Society-girl thrill seeker Lydia causes the death of motorcycle policeman and is prosecuted by her fiancé Daniel who describes in lurid detail the downfall of Rome. While she's in prison she reforms and Daniel becomes a wasted alcoholic.
Stella Maris is a beautiful, crippled girl, who is cared for by a rich family. They shield her from the harsh realities of the world, so that she has no idea of the cruel things that some ... See full summary »
Robert and Beth Gordon are married but share little. He runs into Sally at a cabaret and the Gordons are soon divorced. Just as he gets bored with Sally's superficiality, Beth strives to ... See full summary »
Cecil B. DeMille
Wealthy Jervis Pendleton acts as benefactor for orphan Judy Abbott, anonymously sponsoring her in her boarding school. But as she grows up, he finds himself falling in love with her, and ... See full summary »
An old sheik punishes his son Jamil for robbing a caravan by giving his horse to the wronged merchant. The horse is sold to a Turkish general then given to a Christian missionary Mary ... See full summary »
Cecil B. DeMille
Horace B. Carpenter,
Dr. Edward Meade and friend Richard Burton both love Sylvia Norcross. Both enlist in the military, but Meade stays back to care for deformed children. Sylvia thinks him a coward and marries... See full summary »
Cortez sends Alvarado to Montezuma who throws him into a dungeon from which he is rescued by Tecza who loves him. He is recaptured when her lover Guatemoco finds Alvarado hiding in her ... See full summary »
Cecil B. DeMille
John Trent, a World War I British officer, finds an ancient sword in his trench bunker just prior to volunteering for what will amount to a suicide mission the next day. That night he is visited by the spirit of Joan of Arc and is transported back to the 15th Century. Joan's career begins when, as a peasant girl, she meets Trent's ancestor, also an English soldier, fighting for the Burgundians. After Trent is captured, Joan is brought to the attention of the beleaguered Dauphin, heir to the French throne, who cannot be crowned because the English hold the royal city of Orleans. The weak Dauphin is impressed by her vision and apparently heaven-sent powers which border on the supernatural and ultimately gives her command of the armies. She is victorious at Orleans and the new King is crowned. Joan resists Trent's entreaties of love and continues her struggle to free the rest of her country from English occupation. Sinister forces, both English and French, conspire against her and she is... Written by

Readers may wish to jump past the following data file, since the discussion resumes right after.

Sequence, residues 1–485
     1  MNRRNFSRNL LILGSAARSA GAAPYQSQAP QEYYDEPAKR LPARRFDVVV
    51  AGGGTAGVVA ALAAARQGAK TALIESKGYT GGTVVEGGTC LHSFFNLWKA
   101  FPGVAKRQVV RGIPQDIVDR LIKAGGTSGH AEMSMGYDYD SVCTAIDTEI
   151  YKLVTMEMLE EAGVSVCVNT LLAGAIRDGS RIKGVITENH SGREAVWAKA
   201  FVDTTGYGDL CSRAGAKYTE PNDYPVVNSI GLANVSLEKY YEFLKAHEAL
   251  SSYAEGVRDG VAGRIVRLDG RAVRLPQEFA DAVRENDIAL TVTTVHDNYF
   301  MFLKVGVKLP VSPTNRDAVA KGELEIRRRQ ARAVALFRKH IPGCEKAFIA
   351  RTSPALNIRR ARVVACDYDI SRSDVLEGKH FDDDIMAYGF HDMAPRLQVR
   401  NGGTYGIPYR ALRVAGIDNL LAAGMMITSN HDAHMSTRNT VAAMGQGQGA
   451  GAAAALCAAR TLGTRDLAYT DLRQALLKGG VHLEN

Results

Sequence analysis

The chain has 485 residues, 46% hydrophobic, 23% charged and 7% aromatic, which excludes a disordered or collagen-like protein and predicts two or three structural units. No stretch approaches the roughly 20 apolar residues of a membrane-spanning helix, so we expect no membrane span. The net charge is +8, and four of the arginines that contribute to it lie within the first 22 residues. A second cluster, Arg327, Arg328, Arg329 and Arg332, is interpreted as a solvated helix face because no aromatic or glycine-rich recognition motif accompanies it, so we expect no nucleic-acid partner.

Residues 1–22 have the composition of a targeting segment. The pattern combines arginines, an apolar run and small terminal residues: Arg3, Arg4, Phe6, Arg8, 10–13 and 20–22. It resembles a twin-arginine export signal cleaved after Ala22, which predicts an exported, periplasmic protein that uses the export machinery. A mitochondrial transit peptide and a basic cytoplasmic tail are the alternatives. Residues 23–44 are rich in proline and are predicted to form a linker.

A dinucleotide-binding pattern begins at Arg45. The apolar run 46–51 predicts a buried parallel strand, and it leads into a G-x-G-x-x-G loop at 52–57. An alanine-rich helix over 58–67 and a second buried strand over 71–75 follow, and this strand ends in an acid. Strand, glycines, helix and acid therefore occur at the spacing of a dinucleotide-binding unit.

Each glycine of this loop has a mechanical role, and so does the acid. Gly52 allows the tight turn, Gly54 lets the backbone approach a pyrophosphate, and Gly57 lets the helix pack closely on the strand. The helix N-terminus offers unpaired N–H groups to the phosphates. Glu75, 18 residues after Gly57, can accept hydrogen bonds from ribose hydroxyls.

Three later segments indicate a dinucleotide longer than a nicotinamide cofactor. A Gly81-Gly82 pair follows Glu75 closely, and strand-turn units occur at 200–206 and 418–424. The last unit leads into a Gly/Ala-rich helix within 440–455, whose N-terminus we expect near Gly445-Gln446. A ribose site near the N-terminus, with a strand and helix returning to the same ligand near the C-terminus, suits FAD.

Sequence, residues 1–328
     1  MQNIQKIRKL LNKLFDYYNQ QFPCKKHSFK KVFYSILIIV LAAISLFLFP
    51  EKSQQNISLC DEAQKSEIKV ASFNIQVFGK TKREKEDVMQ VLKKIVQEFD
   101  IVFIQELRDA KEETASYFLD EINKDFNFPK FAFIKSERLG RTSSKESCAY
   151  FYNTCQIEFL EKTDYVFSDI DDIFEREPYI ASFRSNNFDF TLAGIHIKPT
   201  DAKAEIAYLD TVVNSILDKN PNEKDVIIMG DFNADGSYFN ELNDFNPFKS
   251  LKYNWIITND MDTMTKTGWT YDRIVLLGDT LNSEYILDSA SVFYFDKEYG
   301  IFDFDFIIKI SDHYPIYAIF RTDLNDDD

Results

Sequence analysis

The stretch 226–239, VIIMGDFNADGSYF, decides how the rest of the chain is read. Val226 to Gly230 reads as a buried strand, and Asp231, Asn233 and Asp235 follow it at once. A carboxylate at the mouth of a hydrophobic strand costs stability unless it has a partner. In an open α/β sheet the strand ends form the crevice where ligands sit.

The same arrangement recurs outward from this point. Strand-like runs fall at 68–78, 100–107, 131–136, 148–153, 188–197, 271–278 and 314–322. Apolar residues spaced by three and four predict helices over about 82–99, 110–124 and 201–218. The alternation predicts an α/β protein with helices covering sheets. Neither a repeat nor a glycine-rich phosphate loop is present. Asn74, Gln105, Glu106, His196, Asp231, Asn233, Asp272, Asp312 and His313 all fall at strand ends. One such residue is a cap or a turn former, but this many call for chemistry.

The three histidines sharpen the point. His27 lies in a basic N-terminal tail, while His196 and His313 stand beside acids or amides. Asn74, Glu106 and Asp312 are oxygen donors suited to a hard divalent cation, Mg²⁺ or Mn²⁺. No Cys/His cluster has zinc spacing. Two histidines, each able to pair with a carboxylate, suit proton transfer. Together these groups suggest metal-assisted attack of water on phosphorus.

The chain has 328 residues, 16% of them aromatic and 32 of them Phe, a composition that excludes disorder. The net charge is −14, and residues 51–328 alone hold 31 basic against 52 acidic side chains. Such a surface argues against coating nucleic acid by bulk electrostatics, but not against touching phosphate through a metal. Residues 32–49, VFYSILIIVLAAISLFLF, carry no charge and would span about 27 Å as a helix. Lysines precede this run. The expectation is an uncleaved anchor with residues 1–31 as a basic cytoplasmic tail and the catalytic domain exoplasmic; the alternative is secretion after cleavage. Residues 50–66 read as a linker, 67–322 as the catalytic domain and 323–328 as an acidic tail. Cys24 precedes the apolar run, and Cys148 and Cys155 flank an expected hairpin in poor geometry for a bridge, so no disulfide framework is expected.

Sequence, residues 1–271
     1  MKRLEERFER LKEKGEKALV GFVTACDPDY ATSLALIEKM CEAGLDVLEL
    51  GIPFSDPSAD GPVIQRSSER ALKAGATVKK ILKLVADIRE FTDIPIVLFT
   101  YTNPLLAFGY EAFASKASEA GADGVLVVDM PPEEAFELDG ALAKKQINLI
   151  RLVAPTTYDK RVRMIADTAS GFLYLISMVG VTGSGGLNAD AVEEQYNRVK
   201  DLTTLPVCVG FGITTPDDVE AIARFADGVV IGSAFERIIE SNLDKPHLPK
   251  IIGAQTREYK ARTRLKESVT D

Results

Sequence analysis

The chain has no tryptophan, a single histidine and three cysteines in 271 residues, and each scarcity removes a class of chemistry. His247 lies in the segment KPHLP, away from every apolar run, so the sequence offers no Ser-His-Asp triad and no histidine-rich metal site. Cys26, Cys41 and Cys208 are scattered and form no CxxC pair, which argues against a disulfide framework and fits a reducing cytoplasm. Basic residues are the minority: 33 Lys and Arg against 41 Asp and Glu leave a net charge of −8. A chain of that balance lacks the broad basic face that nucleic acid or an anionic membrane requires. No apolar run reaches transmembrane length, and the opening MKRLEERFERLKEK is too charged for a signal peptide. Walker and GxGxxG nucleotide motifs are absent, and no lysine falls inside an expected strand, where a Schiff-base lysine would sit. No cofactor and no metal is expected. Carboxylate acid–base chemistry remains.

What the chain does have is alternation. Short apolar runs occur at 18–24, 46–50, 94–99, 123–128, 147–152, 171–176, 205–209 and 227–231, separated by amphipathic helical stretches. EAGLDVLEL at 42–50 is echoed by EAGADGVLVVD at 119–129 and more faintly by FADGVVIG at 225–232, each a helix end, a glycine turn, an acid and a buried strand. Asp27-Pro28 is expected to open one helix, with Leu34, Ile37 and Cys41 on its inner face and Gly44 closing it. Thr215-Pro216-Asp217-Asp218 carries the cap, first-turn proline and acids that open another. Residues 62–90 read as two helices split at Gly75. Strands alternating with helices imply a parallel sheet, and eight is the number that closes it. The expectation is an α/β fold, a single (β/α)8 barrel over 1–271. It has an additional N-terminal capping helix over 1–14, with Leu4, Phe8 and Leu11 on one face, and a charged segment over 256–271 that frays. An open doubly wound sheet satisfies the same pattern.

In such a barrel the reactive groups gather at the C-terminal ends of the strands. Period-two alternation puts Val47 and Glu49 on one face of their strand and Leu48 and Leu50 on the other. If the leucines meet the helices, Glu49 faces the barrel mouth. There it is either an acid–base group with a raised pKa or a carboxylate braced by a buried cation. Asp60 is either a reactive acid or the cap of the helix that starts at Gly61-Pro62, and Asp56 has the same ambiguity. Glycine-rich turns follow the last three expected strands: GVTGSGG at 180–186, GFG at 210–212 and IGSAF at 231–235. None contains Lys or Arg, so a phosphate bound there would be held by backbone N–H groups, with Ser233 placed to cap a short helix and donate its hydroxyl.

Gabe Taverney (email@example.com)
First film to use the Handschiegl Color Process. See more »
When Trent discovers the sword, he holds the hilt in his right hand. In the insert close-up the hilt is in his left hand. In the cutback, it has returned to the right. (In fact, the insert shot has been spliced in upside-down.) See more »
A great piece of film making for 1916. Joan the Woman was Cecil B DeMille's first epic film and I think one of his better ones. In 1916 epic was really in style with Intolerance and Birth of a Nation just being released. In this film Geraldine Farrar gets the leading role of Joan of Arc who acted superbly in this film, even though I thought physically does not look anything like her.
The battle scenes are really spectacular for this time. And de'mille really shows he knows how to handle a big scene with lots of people. The only down side to the movie is the lead is a little to old and heavy to be playing Joan though she makes up with great theatrical performance, and the heavy preaching which unfortunately mars De'Milles other epics. He just can't help it I guess. Overall a very good silent.
0 of 0 people found this review helpful.
Was this review helpful to you?